The third and final special session of the 83rd Legislature is over, and the result is an opportunity for voters to approve $1.2 billion in additional funding for roads in November 2014. Taken together, the special sessions established that Rick Perry remains unchallenged as the dominant figure in Texas politics. Forget all that talk about his being a lame duck. He was completely in charge, to the very end, when he declined to add tuition revenue bonds to the call, much to the dismay of the higher education establishment. Nor did he grant Dan Patrick's wish list of conservative issues.
The 83rd Legislature was the best session in many years, going back to at least 2003, when Republicans completed their sweep of Texas politics by securing a majority in the House of Representatives. Two things made this session different from the ones that preceded it. One was money.
When the curtain went up on the 83rd Legislature, I thought the state was poised to have one of the best sessions ever. The treasury had oodles of money, there was a feeling that important issues needed to be addressed, and Speaker Joe Straus was in position to dominate the session because of the weakness of the lieutenant governor and the governor. Straus had made it clear that he wanted to do big things—in education, in water and transportation infrastructure, and in increasing transparency—and he had a team of veteran legislators who knew how to get it done.
Then came the vote two weeks ago on HB 11—funding the water plan—and the House leadership couldn't get the votes, and everything fell apart. Now, here we are at the end of the session, with fifteen days to go, and the House has accomplished ...nothing...and will accomplish...nothing. Instead of one of the best sessions ever, it was one of the most depressing.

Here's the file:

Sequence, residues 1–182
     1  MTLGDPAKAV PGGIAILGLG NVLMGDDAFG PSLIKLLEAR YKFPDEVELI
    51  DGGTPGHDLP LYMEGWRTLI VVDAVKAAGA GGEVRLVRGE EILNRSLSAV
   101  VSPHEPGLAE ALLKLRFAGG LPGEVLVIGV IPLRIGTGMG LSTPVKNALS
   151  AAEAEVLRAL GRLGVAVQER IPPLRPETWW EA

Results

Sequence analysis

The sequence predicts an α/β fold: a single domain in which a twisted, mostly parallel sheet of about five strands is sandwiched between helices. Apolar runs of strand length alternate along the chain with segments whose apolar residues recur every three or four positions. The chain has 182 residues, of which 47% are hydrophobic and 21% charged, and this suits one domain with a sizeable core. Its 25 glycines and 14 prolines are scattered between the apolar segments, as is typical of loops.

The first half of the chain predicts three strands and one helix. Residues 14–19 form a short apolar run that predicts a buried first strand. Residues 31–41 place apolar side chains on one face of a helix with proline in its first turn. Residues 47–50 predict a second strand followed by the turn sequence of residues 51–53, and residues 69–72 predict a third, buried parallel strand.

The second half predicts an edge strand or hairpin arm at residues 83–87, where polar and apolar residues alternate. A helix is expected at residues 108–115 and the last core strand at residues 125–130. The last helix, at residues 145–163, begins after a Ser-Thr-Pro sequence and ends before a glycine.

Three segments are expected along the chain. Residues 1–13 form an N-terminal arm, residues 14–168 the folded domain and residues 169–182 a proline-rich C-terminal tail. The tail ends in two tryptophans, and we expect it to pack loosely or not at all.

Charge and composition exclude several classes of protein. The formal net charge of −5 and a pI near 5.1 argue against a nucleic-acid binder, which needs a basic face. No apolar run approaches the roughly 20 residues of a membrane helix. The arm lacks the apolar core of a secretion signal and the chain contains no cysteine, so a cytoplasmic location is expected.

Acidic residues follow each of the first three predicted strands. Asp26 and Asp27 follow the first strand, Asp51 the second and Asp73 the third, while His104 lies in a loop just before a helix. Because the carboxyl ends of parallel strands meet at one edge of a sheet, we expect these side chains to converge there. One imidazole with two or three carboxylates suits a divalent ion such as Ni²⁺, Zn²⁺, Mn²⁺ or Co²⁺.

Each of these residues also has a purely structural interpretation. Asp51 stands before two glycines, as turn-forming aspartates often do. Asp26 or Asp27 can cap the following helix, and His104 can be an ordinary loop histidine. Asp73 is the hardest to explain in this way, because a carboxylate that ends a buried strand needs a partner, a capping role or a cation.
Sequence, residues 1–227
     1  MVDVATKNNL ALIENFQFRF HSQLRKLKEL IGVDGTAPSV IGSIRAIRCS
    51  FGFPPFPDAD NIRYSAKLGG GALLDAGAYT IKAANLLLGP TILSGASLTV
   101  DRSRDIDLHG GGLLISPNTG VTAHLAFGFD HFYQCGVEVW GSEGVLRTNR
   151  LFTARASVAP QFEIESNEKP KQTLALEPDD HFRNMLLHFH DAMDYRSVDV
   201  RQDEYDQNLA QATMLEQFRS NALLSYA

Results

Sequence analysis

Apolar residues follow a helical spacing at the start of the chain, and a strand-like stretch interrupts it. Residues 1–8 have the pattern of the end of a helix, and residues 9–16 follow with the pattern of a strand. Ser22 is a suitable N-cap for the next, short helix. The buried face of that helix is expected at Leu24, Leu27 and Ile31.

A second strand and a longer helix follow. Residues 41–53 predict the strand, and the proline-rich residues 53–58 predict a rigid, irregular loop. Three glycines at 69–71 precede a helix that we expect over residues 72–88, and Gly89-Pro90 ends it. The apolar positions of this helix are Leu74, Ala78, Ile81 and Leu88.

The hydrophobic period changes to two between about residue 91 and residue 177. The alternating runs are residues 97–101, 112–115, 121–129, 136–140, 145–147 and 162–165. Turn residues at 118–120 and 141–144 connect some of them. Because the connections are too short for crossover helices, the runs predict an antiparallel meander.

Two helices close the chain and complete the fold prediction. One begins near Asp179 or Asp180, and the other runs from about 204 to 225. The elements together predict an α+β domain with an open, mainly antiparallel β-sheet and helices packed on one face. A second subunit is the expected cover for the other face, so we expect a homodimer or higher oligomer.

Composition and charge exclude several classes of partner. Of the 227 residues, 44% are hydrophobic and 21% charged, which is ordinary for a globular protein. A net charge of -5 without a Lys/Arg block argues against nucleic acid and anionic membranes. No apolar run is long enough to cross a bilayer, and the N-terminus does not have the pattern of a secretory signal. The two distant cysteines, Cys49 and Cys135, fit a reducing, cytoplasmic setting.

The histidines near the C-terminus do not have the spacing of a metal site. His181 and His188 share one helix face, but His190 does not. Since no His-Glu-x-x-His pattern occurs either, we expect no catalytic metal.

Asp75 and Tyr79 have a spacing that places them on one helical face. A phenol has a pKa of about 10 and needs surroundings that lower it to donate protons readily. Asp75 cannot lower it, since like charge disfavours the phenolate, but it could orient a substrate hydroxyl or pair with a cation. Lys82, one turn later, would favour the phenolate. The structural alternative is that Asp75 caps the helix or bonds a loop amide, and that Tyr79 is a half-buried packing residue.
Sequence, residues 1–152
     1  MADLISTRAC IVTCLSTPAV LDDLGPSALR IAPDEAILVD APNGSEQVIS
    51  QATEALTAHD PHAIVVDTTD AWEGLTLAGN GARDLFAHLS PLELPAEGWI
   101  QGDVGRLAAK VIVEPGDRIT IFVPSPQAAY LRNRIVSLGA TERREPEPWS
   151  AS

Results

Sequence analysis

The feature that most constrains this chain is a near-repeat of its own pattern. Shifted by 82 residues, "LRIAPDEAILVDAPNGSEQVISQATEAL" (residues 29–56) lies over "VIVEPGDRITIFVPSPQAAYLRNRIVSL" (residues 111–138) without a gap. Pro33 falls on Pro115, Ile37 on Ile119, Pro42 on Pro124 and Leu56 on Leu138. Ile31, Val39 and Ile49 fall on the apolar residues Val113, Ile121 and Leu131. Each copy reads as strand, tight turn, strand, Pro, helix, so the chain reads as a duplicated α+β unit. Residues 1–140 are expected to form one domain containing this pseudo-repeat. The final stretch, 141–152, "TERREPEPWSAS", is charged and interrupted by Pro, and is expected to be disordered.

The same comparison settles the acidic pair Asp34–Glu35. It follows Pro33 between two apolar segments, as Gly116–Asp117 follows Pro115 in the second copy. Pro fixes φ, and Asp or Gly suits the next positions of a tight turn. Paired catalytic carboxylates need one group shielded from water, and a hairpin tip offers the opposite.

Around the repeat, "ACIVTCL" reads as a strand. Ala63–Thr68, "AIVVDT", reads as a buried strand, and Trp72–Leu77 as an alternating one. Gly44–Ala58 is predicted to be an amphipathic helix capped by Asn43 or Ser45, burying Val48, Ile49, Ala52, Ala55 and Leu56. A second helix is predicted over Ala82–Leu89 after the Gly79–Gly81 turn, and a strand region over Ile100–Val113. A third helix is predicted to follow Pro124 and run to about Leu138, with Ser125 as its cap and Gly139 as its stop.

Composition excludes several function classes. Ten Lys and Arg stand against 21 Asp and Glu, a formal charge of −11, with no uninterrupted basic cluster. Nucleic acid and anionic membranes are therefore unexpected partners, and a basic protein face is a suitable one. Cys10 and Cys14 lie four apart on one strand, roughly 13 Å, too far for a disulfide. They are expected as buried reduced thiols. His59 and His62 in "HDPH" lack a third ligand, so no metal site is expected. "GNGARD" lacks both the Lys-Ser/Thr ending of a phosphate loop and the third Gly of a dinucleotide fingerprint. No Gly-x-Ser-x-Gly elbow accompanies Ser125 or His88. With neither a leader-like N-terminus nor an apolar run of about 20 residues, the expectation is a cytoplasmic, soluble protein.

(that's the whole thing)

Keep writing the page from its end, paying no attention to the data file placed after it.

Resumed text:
In the end, the drama in the House resulted from a complete lack of drama. Lawmakers had been gearing up for its initial fight of the session over HB 10, a $4.8 billion supplemental appropriation that would, among other things, cover a looming Medicaid shortfall in the current budget cycle. As one lawmaker commented as he moved briskly down the aisle after the House had been called to order, “Is today the first day of real work?”
On a sunny day in late January, Rick Perry stood in a packed House chamber and delivered what may turn out to be his last State of the State address. The scene unfolded in a familiar way. Senators wriggled to find a comfortable position on the folding chairs that occupied the wide middle aisle of the House floor. Behind them sat the robed members of the Supreme Court. In the gallery, hardly a vacant seat was in sight.
One steamy afternoon in September, Michael Quinn Sullivan unfolded his lanky, six-foot-four-inch frame from a rented SUV and considered the friendly facade of the Spring Creek Barbeque in the Houston suburb of Missouri City. He bounced lightly on the balls of his feet, a smile on his face. He had been here before. About 25 members of the Greater Fort Bend County Tea Party were inside, waiting to hear him speak about the Legislature, but he held no notes in his hand.
A visitor to the Capitol in January of an odd-numbered year finds the venerable building in a state of feverish activity. More visitors are walking the halls, more lobbyists are toting briefcases, and more staffers are filling the cafeteria. These are the unmistakable signs that the Legislature is back in town—for better or worse.